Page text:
Tuesday, December 29, 2009

Tradition Tuesday - January 2010

For those of you who are new, you can find an explanation on Tradition Tuesdays HERE

New Year’s Fortune Cake:
Try baking a New Year’s Fortune Cake.  It doesn’t make any difference what kind of cake.  Once the cake has been baked, cut small slits and insert some New Year’s fortune charms (these can be found at any local bead or craft store). Look for charms that represent predictions for the coming year (i.e. a heart for love, coin for riches, suitcase for travel, three leaved clover for luck, etc.).  If they are really small you might want to attach a ribbon so they won’t be missed.  With each piece of cake you not only get a delicious treat, but also a fortune to start off the New Year. 

Note-able Memory Jar:
At the first of the year put out an empty jar with a note pad and pen by it.  Whenever something noteworthy happens write it down and put it in the jar.  On New Years Day go through and read your notable memories.  Put all the notes in an envelope and place them in a book with the year written on the outside.

Candle Light Ceremony:
New Years Eve is the best time to reflect on the past, as well as contemplate the future.  On New Years Eve (or New Years Day), set the table with a special candle for each person at your celebration, then lower the lights.  One by one each person at the table lights the candle of another and shares a special memory or major achievement that the other person has accomplish during the past year.  It is then the honored person’s turn to share their New Year’s resolutions with the rest of the group.  This tradition is a wonderful way to share in each others trials and triumphs from the past year, and to lend support for future dreams and goals.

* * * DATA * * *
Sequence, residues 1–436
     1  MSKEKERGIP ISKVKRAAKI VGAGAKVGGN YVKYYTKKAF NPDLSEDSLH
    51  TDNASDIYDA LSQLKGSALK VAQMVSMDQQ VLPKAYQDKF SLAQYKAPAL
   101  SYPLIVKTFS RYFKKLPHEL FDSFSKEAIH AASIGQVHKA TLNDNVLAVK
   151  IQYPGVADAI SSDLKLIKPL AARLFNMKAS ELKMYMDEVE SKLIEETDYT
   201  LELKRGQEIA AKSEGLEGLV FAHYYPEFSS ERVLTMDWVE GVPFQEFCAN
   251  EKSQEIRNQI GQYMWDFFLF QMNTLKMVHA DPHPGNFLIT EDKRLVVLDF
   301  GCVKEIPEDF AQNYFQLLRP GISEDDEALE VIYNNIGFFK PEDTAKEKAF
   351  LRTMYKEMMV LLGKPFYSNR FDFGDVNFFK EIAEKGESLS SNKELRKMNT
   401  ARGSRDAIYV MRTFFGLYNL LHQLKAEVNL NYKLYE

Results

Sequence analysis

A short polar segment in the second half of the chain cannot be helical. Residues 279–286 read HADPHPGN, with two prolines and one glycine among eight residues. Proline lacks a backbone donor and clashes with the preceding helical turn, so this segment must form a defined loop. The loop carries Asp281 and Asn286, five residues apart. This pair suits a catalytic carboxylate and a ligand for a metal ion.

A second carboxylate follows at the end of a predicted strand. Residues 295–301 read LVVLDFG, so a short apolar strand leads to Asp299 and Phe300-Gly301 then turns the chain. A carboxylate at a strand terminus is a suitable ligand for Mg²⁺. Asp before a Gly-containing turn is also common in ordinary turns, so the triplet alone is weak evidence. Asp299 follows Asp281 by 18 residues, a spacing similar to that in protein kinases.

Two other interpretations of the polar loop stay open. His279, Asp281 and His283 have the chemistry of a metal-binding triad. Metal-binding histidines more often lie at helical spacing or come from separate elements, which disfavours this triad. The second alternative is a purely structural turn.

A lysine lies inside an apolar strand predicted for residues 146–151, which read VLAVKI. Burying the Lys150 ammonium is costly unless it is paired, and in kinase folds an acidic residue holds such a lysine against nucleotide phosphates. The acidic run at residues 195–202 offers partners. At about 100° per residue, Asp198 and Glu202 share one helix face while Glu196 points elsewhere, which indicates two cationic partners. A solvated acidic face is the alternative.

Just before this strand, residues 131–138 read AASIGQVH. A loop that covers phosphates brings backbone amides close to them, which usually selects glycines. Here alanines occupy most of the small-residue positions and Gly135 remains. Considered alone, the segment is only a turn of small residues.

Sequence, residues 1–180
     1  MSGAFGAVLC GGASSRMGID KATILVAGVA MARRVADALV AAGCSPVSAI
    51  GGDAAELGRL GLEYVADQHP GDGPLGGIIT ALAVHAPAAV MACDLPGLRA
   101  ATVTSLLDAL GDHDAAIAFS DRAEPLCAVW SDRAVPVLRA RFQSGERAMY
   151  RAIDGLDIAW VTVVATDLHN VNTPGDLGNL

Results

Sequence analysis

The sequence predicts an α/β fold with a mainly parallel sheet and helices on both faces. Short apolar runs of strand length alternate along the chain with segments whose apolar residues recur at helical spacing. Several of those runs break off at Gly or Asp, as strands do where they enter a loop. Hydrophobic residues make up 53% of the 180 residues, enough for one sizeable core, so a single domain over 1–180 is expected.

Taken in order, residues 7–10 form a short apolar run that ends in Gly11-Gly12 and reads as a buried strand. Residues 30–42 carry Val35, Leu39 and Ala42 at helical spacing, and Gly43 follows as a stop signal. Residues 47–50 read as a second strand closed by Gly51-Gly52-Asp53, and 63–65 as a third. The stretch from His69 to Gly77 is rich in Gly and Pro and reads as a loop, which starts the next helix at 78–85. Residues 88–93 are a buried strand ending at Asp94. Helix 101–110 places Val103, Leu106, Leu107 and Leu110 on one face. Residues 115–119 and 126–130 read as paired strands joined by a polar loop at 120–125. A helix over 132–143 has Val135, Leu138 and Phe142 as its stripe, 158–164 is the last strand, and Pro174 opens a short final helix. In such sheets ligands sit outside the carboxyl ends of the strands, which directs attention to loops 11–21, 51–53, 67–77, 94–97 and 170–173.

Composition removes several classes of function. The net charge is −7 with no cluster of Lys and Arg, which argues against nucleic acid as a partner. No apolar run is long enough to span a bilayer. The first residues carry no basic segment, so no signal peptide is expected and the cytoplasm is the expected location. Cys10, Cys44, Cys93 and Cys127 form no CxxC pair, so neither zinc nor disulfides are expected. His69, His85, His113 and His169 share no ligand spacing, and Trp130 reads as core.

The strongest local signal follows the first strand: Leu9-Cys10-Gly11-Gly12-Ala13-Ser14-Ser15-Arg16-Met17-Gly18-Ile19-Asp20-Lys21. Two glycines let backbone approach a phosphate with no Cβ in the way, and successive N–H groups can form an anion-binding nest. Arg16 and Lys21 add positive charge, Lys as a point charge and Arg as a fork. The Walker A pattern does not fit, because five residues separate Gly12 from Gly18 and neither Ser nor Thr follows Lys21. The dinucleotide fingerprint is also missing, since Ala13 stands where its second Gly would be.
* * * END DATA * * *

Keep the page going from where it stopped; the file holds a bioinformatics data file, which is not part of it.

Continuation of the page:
Winter Camping:
Go camping.  Sit in front of the campfire and exchange stories about the last year and shares their resolutions for the year to come!

Little New Year:
On New Year’s Eve, each person in the family sets a plate out on the hearth for the new Little New Year to leave them a gift and a note.  The Little New Year gives each person 10 cents for each year of his or her life, a candy bar, and usually a small game, toy, or trinket.  The biggest treat, however, is the note each person receives.  It is always written in sloppy handwriting as if a baby had written it, and it tells each person how nice they have been the past year and how the Little New Year hopes each person will be just as nice in the year to come.  Whatever the New Year says and gives should be pertinent to what is going on in the lives of each individual.

As always, PLEASE feel free to leave a comment with some of YOUR favorite tradition ideas for us all to enjoy!